Reliving History in Minerve

France’s Canal du Midi cuts through picturesque, tranquil countryside – home to award-winning vineyards, fields of wild flowers, and animals grazing in the sunshine. Drifting along aboard a hotel barge during a cruise on this lovely canal, you’d be forgiven for thinking that this region, Languedoc-Roussillon, is a place where peace has always reigned.

And yet, this region has seen upheaval and turmoil over the course of its long history. One popular stop along the canal’s corridor is the village of Minerve, named one of Les Plus Beaux Villages de France (“The Most Beautiful Villages of France”). But beneath its undeniable beauty and charm, Minerve is the site of tragedy and violence.

 

Minerve and the Albigensian Crusade

During the 13th century, a new Christian movement was on the rise in Languedoc-Roussillon. Members of this new movement, the Cathars, believed in the equal and opposing forces of God and Satan, and advocated a return to the Christian message of poverty, perfection, and preaching.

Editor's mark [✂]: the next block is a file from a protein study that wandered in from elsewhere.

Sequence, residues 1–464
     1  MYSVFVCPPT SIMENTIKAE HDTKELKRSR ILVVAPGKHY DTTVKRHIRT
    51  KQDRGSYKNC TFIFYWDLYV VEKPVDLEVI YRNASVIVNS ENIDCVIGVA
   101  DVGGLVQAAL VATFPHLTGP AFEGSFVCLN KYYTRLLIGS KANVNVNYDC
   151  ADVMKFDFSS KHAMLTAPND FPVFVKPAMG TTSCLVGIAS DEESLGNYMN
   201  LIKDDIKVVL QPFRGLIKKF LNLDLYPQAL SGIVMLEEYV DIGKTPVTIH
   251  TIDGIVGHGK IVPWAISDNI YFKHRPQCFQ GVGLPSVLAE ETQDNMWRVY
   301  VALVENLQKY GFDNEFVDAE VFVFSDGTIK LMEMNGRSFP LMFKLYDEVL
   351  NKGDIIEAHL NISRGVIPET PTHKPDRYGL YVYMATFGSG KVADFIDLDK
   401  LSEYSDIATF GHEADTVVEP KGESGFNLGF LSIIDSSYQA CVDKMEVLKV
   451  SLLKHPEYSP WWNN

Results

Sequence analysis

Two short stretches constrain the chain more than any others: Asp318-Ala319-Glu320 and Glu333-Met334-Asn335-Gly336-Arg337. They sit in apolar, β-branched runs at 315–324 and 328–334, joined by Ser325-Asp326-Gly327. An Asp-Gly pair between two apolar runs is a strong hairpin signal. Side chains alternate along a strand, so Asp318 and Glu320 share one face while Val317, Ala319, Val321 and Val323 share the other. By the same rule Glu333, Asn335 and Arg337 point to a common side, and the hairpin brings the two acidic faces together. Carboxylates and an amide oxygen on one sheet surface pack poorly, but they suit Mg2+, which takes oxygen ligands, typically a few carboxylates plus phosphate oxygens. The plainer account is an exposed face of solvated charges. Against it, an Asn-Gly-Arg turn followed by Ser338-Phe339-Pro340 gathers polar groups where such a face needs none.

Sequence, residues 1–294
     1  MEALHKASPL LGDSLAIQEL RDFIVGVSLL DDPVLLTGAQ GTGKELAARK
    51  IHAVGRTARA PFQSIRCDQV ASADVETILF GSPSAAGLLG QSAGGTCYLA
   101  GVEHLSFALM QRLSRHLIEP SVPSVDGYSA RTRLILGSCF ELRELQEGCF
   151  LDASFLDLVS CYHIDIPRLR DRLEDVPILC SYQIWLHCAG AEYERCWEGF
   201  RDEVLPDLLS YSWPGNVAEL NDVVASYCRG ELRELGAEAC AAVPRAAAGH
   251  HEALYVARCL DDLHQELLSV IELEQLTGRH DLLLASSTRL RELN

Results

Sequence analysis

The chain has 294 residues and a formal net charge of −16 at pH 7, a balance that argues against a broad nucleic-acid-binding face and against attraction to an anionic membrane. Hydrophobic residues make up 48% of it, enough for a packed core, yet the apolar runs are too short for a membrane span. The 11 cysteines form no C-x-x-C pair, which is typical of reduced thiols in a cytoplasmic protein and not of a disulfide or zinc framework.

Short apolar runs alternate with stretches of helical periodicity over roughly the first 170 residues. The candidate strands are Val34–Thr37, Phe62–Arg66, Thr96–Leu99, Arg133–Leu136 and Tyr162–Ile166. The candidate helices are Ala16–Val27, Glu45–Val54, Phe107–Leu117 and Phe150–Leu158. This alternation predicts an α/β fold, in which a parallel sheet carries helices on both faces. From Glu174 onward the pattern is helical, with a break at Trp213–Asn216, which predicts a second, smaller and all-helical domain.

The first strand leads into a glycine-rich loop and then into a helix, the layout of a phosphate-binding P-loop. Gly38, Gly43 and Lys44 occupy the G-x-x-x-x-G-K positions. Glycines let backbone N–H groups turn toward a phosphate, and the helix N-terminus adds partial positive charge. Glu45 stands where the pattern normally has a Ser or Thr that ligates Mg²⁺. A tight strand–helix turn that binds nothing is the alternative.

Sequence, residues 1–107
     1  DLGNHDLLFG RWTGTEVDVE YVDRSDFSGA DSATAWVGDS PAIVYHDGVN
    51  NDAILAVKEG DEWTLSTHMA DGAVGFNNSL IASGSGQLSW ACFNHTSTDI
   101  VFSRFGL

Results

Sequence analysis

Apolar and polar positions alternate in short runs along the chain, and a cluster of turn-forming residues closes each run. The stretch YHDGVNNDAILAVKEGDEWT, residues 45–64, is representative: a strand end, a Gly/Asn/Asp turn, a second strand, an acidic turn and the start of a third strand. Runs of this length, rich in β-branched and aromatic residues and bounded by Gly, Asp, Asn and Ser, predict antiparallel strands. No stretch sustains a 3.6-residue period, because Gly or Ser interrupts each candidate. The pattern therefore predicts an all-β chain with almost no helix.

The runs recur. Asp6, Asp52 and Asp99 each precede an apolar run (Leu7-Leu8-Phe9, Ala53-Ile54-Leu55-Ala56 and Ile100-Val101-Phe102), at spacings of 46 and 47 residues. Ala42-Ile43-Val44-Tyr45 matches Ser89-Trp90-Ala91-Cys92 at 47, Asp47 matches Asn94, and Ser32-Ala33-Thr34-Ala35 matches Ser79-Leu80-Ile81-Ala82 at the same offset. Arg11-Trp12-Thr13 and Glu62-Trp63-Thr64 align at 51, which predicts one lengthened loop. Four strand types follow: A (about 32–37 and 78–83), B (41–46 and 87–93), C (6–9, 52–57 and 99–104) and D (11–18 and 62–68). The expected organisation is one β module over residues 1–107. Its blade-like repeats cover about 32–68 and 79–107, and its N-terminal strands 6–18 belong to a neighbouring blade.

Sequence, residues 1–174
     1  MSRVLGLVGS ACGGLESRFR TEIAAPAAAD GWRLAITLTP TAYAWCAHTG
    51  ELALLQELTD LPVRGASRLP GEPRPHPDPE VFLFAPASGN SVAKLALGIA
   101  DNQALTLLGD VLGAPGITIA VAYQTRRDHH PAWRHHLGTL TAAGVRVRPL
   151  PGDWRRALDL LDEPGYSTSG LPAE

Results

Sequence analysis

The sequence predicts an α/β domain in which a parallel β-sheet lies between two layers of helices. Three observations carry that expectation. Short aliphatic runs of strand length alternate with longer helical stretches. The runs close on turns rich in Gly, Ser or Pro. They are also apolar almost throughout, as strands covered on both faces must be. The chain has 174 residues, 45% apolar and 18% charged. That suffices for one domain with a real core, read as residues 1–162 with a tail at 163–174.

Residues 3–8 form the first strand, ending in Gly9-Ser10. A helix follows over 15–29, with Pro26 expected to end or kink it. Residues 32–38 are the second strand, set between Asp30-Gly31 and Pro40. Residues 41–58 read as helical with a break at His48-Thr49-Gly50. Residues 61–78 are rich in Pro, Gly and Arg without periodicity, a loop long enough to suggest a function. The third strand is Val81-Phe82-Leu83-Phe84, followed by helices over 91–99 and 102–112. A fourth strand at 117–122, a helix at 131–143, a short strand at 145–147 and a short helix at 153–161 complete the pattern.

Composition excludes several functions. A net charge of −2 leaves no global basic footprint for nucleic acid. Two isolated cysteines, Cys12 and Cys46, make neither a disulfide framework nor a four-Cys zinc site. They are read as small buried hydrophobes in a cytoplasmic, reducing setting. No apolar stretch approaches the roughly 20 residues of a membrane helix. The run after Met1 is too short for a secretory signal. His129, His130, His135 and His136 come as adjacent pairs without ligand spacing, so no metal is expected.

In 1209, Pope Innocent III initiated a military campaign to eliminate Catharism from the Languedoc-Roussillon region, an effort that became known as the Albigensian Crusade. After a devastating massacre at the town of Béziers, a group of Cathars sought refuge in Minerve, which was well-fortified with a strong defensive position above the junction of the Cesse and Briant rivers.
For six weeks the crusaders, led by Simon de Montfort, besieged Minerve with trebuchets and other weaponry. When the village eventually fell, the Cathars remained defiant and 140 Cathars chose death by burning rather than renounce their faith.

 

Minerve Today

Today Minerve is quiet and tranquil, though several monuments and some original stone fortifications stand to remind visitors of the Cathars’ sacrifice. If you’re visiting Minerve as part of one of our Canal du Midi cruises, you can explore the village’s steep and narrow streets, perhaps stopping to sample the local Minervois wine at one of the charming cafés. The village, which allows no vehicles except for those belonging to its residents, maintains much of its medieval atmosphere, so you can get a real feel of what it was like to live there in the time of the Cathars.

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